Renal cell carcinoma (RCC) is the most common type of kidney cancer. RCC affects the lining of tiny tubes within the kidney which filter waste from the blood, making urine. Symptoms include blood in urine, feeling of lump or mass in the kidney area, weight loss, raised temperature and sweating, back pain on one side (below the ribs), tiredness, loss of appetite and a general feeling of poor health. The main treatment for RCC is surgery to remove the cancer by partly or totally removing the kidney. Some patients are at high risk of their cancer returning after surgery, especially those who have large tumours which may not be possible to totally remove.
Axitinib is a tablet taken twice per day which works by interfering with the growth of the blood vessels which supply blood to the cancer cells. In other types of cancer, Axitinib has been seen to slow down the growth and stop cancers from spreading to other parts of the body. Axitinib is already available to treat RCC which has already advanced or spread, however if axitinib is licenced for use after surgery to prevent the growth and spread of further tumours (as an adjuvant therapy), this may prevent the progression and spread of RCC to other sites of the body.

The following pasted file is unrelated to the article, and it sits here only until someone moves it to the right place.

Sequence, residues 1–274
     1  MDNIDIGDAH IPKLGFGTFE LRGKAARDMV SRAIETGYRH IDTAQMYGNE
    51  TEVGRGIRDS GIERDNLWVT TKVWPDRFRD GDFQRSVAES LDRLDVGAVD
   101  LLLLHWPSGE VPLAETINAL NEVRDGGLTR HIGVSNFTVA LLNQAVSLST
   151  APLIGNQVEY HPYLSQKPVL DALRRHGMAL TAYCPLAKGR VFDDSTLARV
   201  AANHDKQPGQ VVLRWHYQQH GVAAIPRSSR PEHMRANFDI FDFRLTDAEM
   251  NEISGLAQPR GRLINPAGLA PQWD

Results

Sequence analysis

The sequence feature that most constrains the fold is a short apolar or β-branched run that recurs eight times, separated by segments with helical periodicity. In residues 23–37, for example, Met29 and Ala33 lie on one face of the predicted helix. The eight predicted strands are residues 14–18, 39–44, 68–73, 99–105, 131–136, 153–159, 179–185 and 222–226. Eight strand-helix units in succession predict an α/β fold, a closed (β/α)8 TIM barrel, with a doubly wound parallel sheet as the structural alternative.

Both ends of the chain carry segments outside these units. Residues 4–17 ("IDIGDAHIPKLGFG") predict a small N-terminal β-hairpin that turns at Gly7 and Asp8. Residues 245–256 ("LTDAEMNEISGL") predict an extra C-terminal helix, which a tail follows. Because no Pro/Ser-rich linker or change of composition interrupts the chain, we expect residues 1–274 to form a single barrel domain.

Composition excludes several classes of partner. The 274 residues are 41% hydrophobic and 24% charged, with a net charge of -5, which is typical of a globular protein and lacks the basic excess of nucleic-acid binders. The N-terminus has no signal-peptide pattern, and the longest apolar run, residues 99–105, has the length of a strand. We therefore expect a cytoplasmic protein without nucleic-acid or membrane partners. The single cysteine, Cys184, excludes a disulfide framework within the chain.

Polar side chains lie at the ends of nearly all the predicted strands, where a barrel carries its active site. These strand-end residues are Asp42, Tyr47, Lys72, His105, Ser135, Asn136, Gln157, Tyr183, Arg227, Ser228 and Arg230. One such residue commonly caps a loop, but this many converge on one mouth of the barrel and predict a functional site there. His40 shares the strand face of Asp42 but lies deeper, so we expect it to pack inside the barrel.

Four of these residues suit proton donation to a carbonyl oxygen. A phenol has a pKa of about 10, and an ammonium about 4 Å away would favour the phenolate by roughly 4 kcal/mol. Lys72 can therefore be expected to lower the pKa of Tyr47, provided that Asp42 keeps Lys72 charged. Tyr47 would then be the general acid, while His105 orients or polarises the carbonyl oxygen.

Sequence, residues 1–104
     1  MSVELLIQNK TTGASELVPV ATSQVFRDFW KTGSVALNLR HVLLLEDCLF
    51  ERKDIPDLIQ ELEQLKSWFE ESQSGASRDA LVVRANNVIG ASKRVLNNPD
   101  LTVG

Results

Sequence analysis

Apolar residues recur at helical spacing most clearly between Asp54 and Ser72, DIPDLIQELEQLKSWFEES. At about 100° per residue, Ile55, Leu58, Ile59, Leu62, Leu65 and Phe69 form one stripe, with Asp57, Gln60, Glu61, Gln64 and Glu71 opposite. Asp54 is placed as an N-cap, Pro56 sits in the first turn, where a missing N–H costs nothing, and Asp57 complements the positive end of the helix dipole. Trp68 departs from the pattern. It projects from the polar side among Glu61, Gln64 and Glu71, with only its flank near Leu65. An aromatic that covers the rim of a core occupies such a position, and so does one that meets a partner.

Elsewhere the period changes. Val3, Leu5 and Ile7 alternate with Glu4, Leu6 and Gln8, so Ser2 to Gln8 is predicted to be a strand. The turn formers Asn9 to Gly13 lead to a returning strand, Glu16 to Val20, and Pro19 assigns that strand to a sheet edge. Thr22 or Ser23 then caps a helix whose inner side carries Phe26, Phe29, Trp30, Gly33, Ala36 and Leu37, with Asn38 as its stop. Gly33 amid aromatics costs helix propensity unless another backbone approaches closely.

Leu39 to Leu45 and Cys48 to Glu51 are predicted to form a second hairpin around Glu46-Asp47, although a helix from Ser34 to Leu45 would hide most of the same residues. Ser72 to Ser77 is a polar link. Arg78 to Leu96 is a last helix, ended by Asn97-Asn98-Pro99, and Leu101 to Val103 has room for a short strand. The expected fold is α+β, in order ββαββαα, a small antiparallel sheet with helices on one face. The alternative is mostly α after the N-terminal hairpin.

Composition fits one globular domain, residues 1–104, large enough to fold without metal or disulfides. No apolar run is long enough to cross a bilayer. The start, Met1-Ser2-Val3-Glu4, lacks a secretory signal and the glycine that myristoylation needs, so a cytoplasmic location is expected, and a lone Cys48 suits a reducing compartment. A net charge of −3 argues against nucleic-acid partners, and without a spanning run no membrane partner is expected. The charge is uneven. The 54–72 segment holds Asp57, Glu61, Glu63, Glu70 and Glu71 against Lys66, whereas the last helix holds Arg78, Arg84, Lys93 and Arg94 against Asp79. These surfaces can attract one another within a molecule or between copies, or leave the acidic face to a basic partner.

Daratumumab injected under the skin (subcutaneous formulation) is in development for the treatment multiple myeloma (MM) as an alternative to currently approved daratumumab intravenous formulation. MM is a rare, incurable cancer of the plasma cells in the bone marrow where large amounts of abnormal plasma cells are produced and interfere with the production of platelets, red and white blood cells. People with MM will experience periods of time without symptoms followed by periods when the illness comes back (‘relapsed’ MM). Eventually the periods without symptoms will shorten and the illness will become immune to the drugs given to treat it (‘refractory’ MM).